Homestead - South Dade

August 8, 2014

Rescue group helps fight Miami-Dade’s critical abandoned-dog problem

A small group of people is rescuing dogs and puppies from mangroves, alleyways, train tracks, even the Everglades — taking in strays off the streets of Miami-Dade and Broward counties.

A small group of people is rescuing dogs and puppies from mangroves, alleyways, train tracks, even the Everglades — taking in strays off the streets of Miami-Dade and Broward counties.

They plead with neglectful owners to untether dogs tied to trees and to bring dogs down from sweltering rooftops. They pick up strays en route to rescues and get calls at all hours from concerned people reporting strays and animal abuse.

“Our mission is to rescue them, bring them back to health, and show them that not all humans are bad. We want them to know that love and a warm bed are just around the corner,” said Amy Roman, founder of the rescue group 100+ Abandoned Dogs of the Everglades. “Beyond that, we work to raise awareness about this brutal reality happening right here in our community.”

On this day, Roman, 45, and her small rescue crew are attempting to rescue puppies that have been surviving within the twisted mangroves in a fenced-in lot off Ives Dairy Road.

Their plan is to rescue the puppies first, worried that they might have parvovirus and need immediate treatment, and then come back for the leader — the mother, a shaggy black dog that has been living there for five years. The mother has had hardly any human contact and has birthed many litters with few survivors, except for a handful of 9-week-old pups, according to a neighbor who has been feeding them.

Carol Daniello, 42, Roman’s partner and fellow rescuer, waits by the chain-link fence that separates the lot from the busy street with her hand on a button that will, when pressed, release the trap’s door.

They’re against time as the multi-acre grassy mangrove site is slated for development, and the fence, the only protection the dogs have from the street, will be opened.

They vet all the dogs they take in and so far it’s been nearly 3,000, Roman says, since she started her first rescue in 2011, after a trip to the Redlands where her encounter with numerous homeless dogs prompted her to take action.

She and Daniello take each new arrival to Imperial Point Animal Clinic or Pet Emergency Center, both near Fort Lauderdale, where each dog is given a bath and groomed, vaccinated, tested for parvovirus and heartworm — and if positive, treated for it. Each dog is then spayed or neutered and microchipped if it isn’t already. As soon as they’re healthy enough, and if they’re friendly, Roman and Daniello take the dogs to Camp Canine in Fort Lauderdale, a cage-free doggy day care, for boarding, until they are fostered or adopted.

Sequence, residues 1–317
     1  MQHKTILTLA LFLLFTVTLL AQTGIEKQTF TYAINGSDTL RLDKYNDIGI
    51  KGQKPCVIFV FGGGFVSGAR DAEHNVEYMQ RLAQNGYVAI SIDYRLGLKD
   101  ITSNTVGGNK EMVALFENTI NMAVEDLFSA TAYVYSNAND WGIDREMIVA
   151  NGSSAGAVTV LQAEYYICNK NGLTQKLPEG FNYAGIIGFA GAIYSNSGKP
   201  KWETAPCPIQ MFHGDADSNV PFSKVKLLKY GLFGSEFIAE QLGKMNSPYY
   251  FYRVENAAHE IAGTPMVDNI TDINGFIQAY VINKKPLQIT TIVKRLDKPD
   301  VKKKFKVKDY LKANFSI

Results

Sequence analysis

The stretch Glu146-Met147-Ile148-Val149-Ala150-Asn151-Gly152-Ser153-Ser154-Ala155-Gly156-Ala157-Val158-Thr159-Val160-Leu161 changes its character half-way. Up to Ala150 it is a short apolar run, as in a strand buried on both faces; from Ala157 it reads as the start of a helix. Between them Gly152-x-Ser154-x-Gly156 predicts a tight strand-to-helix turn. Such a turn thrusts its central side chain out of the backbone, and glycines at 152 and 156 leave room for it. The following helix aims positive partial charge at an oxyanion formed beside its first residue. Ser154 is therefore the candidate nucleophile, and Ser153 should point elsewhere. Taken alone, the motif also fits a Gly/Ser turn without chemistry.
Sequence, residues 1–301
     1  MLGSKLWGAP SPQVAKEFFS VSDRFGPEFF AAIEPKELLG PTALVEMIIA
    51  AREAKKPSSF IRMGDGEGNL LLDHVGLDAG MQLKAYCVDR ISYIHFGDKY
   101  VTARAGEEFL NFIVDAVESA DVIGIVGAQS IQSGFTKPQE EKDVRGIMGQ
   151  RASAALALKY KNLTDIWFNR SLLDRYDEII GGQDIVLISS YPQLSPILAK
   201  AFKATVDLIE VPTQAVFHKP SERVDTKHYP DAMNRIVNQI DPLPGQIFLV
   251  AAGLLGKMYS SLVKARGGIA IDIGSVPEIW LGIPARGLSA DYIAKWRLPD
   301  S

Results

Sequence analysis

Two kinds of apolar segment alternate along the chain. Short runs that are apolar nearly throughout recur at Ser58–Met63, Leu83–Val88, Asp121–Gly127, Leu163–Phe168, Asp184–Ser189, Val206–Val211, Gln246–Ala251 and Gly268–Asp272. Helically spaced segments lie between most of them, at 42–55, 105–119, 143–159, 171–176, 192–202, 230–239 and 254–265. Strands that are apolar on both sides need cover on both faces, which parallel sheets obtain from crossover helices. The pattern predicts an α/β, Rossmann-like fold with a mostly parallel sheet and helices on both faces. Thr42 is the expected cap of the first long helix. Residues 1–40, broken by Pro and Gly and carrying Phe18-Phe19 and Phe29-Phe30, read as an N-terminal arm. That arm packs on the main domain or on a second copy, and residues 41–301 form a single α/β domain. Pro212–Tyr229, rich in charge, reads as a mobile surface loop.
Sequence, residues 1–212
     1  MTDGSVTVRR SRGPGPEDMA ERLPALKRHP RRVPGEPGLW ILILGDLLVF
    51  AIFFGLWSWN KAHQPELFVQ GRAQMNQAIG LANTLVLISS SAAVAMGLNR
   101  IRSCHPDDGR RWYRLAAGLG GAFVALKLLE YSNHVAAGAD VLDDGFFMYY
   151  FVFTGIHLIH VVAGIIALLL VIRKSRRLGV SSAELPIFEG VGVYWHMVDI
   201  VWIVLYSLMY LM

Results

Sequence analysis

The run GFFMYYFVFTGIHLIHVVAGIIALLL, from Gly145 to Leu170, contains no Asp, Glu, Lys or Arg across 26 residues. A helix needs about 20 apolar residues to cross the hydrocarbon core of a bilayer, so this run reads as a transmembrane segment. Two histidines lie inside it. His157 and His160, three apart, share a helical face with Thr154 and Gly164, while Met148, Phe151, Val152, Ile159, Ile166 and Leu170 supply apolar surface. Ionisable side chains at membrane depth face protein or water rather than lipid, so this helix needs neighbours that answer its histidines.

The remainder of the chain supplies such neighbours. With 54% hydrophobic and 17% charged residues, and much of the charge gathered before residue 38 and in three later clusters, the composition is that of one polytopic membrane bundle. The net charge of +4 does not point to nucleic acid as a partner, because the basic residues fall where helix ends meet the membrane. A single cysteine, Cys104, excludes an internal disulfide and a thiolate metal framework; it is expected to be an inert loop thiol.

At first, they concentrated their efforts on rural areas in Homestead, the Redlands and the Everglades to feed and rescue dogs that owners had dumped there.

“People are dumping dogs everywhere, they’re throwing them out of their cars,” Daniello said.

They then expanded to the streets of the rest of Miami-Dade and Broward after calls started pouring in about more cases of neglect and strays.

Michael Leiva, shelter program manager of Miami-Dade Animal Services, emphasized that dogs are being abandoned everywhere in South Florida, not just the Everglades, but even closer — like just a few blocks away from the shelter.

Though he’s acquainted with Roman and her rescue group, he's more familiar with Dogs on the Move, a local nonprofit that works with the shelter to save dogs that are due to be euthanized by transporting them to other rescues and no-kill shelters for re-homing.

Intake at the shelter ranges from 75 to 100 animals daily.

Powder, Ruby, Maya, Lola, Titan, Viana and Venice are just some of the 60 dogs 100+ is trying to provide a second chance by fundraising, Facebooking and hosting adoption events to get them into good homes.

More than $8,000 has been spent on a single dog, Titan, because of the medical attention he needed in order to survive. Currently available for adoption, he was tied to a pole by a wire on an abandoned property and was attacked repeatedly by other dogs.

In order to be financially able to take in more abandoned animals, they depend solely on donations from people as 100+ is a 501c3 organization.

“Our most-ambitious rescue to date yielded more than 30 dogs in one day in rural Miami — Cutler Bay, Everglades National Park area,” Roman said. “Some dogs had broken limbs, dangling legs, missing limbs from alligator bites — all were in serious need of food, water and medical attention,” she said. “Our biggest heartbreak is that we must leave so many behind each time.”

What should you do if you come across a homeless animal?

“Pick it up, take it to any vet’s office and have it scanned for a microchip. If there’s no microchip, reach out to a rescue, and if all the rescues are full try to foster it until you can find someone to adopt it,” Roman said. “The last resort should be a shelter, and we all know what that means, but they're better off being humanely euthanized rather than suffer a slow and painful death on the streets.”

If someone is trying to find a home for a dog, Roman said that she’ll post the dog’s information on Facebook if the person promises to do a home check if someone is interested in adopting.

“Mandatory spaying and neutering should be in place. How are we going to get anywhere? They just keep reproducing while we’re fighting a mentality war — a third-world country mentality, where people don’t respect animals,” Roman said. “Stricter laws and fines need to be in place and enforcement from government officials needs to happen to try to alleviate South Florida’s stray animal epidemic.”

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